When men set out to lose weight, they usually start at the wrong place. They pick a popular diet; any diet, it doesn’t matter which one. Most plans tell you to eat none of some things and tons of others. Your weight drops until it stops. Then it’s up to you to make sure your shrunken gut stays that way.
These diets have it all backward. Instead of starting with no idea where you’ll end up, act as if you’ve hit your target.
Limit your intake of anything with a name that includes the words “cheesy,” “gordita,” and/or “crunch.”; but you still need to eat something, and whatever it is, it’ll have calories you must account for. The accounting is simple: There are two sides to the ledger. One side is your calorie intake, and the other is your metabolism—that is, the calories you burn—which works in four ways.
You need to eat better food
Pity the man forced to survive on gluten-free pizza and fat-free ice cream. The Lean Muscle Diet makes eating easy and delicious because you’re encouraged to eat (gasp!) real food. Here’s the breakdown of your eating plan.
Eat 80 percent of your diet in whole and minimally processed foods that you like. “Whole” foods are ones that look like what they started out as: meat, fish, eggs, milk, nuts, seeds, fruits, vegetables, potatoes, and beans. One exception: Protein powders are highly processed, but they’re still a great way to consume the protein you need to make the plan work.
Eat 10 percent in whole and minimally processed foods that you don’t necessarily like but don’t hate (say, Swiss chard and lamb). This is intended to expand the range of nutrients you’re eating. Maybe you’ll even learn to like a food, which means you’re less likely to suffer from diet burnout.
Eat 10 percent in whatever the hell you want. Consider this your reward for faithfully embracing the two previous categories. Use this bonus however you’d like: Have a small indulgence every day, or save up for a bigger weekend junk fest.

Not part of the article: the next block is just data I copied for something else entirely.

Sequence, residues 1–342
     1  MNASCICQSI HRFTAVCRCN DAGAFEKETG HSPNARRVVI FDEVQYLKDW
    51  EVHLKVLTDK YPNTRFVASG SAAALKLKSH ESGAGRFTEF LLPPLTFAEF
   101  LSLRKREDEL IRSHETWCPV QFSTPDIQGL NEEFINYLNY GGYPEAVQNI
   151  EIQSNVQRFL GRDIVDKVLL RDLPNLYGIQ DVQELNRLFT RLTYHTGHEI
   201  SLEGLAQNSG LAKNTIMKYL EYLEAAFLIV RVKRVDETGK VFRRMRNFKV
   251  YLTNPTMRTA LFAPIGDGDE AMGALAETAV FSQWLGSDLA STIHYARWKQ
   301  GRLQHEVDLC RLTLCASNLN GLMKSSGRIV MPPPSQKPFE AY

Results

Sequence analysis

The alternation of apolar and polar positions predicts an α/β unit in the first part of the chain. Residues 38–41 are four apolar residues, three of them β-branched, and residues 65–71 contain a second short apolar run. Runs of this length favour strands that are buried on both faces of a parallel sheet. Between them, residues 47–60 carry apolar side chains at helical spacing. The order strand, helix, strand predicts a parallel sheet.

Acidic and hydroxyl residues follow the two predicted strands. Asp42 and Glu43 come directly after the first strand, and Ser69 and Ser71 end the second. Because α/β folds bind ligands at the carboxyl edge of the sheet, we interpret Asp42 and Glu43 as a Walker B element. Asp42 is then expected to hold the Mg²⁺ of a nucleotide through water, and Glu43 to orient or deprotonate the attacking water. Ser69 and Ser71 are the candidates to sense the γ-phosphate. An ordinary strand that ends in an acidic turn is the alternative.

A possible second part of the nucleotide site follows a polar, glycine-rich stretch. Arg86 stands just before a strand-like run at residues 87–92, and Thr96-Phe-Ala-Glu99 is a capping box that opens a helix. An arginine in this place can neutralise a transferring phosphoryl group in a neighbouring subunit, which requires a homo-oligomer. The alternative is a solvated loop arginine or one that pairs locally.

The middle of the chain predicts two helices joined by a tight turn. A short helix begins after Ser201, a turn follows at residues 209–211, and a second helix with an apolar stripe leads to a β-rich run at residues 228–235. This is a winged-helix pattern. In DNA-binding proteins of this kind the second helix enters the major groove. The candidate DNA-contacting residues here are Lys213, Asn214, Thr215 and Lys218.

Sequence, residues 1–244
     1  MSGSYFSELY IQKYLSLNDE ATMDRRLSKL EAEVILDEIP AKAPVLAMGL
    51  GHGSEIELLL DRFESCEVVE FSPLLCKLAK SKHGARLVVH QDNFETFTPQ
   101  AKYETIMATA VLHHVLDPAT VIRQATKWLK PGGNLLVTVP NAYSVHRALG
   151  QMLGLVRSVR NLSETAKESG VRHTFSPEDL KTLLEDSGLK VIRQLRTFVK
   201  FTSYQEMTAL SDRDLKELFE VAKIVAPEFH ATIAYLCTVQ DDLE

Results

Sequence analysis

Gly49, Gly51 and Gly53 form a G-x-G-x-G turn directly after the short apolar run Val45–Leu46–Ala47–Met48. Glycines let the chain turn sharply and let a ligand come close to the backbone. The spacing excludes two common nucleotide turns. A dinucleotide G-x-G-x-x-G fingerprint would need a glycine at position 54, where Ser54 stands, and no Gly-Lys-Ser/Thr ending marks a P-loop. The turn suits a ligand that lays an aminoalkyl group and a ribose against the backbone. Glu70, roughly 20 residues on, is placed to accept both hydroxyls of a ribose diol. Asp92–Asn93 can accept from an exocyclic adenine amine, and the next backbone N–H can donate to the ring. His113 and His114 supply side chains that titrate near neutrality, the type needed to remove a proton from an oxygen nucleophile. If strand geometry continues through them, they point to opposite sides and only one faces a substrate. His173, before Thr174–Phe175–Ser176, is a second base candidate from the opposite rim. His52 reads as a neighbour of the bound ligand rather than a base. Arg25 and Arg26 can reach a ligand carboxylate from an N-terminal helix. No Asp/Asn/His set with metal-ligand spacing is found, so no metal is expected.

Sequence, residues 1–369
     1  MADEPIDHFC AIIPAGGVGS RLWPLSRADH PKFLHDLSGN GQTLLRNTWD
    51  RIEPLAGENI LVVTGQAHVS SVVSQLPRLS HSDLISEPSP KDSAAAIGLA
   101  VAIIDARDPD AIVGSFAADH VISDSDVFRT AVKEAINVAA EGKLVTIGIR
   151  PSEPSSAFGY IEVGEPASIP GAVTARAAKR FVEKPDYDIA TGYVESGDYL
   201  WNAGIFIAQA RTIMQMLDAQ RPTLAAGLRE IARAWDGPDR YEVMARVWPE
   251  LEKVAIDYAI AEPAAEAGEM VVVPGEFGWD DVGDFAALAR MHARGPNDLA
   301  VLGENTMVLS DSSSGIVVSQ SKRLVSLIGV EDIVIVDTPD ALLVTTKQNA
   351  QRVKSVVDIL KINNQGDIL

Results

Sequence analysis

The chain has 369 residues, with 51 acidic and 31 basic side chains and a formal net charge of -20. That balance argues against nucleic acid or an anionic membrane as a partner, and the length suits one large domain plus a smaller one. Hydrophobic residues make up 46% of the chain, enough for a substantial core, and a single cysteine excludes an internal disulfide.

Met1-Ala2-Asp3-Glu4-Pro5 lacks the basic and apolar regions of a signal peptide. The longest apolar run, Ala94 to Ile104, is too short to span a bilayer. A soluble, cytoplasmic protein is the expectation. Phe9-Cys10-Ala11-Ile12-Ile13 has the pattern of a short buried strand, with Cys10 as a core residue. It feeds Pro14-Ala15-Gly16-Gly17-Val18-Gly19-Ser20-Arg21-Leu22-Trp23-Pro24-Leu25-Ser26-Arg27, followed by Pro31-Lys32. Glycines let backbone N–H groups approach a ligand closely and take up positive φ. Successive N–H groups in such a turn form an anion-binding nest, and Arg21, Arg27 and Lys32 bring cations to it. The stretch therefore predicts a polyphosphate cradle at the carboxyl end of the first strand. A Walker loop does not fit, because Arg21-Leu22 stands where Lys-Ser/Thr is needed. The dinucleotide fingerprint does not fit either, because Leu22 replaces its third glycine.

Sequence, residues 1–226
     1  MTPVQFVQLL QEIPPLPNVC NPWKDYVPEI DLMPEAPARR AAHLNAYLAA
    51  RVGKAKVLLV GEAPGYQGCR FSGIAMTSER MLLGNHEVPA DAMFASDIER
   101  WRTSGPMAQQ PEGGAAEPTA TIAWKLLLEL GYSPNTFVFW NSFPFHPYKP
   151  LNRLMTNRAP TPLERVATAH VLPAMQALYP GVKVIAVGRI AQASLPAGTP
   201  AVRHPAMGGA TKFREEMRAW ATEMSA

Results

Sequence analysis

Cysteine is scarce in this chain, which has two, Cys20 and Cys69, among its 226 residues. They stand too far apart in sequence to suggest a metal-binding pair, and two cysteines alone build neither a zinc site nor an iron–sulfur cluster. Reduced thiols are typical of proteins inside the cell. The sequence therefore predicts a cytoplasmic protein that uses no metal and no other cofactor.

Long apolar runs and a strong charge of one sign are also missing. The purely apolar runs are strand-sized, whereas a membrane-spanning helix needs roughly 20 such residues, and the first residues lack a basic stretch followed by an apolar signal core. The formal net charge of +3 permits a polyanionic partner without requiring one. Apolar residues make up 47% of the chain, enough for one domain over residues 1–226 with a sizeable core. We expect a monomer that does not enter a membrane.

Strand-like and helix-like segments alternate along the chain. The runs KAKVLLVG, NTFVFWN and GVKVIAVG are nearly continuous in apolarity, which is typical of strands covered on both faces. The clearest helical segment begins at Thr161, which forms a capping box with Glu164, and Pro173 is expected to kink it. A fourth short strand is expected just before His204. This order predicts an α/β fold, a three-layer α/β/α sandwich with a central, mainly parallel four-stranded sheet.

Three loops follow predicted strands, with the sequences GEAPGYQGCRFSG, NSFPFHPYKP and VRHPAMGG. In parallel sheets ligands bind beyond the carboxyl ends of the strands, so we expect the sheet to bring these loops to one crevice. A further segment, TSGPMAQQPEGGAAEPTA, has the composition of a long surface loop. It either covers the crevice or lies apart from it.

Here’s a shortcut: If the food doesn’t have an ingredient list, it’s a safe bet. Steak, apples, quinoa, eggplant, salmon—they’re all single-ingredient foods. With packaged foods, each additional ingredient signals an extra step in processing, which may have stripped away some of the good stuff. And often, to make up for lost flavor, food manufacturers pump processed foods with sugar and fat. These foods also tend to be higher in calories.
“Quality” also means taste. On this plan, you won’t find any rules about foods you must eat. Nor will you find a list of foods you should never eat. Just about anything you already enjoy can fit into the plan, although perhaps not in the quantities you’re used to eating.
Nutritionists refer to protein, carbs, and fat as “macros.” Protein, of course, is the stuff of muscle growth, particularly branched-chain amino acids (BCAAs), including leucine. The circles above show the stats for three good protein sources. On our plan, you’ll eat 1 gram of protein for every pound of your target body weight, or 25 percent to 35 percent of your daily diet.
But protein also increases satiation (feeling full at the end of a meal) and satiety (feeling less hungry between meals). So protein pulls triple duty: It speeds your metabolism, slows your appetite, and maintains muscle.
What about the other macros? You’ll eat 0.4 to 0.7 gram of fat per pound of your target body weight per day. If you have a good chunk of body fat to lose, use the higher end of that scale. It’s not that fat calories have any magical properties; a higher percentage of fat simply means fewer carbs. That tends to work better for heavier guys, who often are less sensitive to insulin, a hormone triggered by high-carbohydrate meals. Less sensitivity means more insulin; more insulin means your body will use less fat for energy. For everyone else, it’s personal preference. Whatever calories are left after your calculations will come from carbs. Who knew math could be so tasty?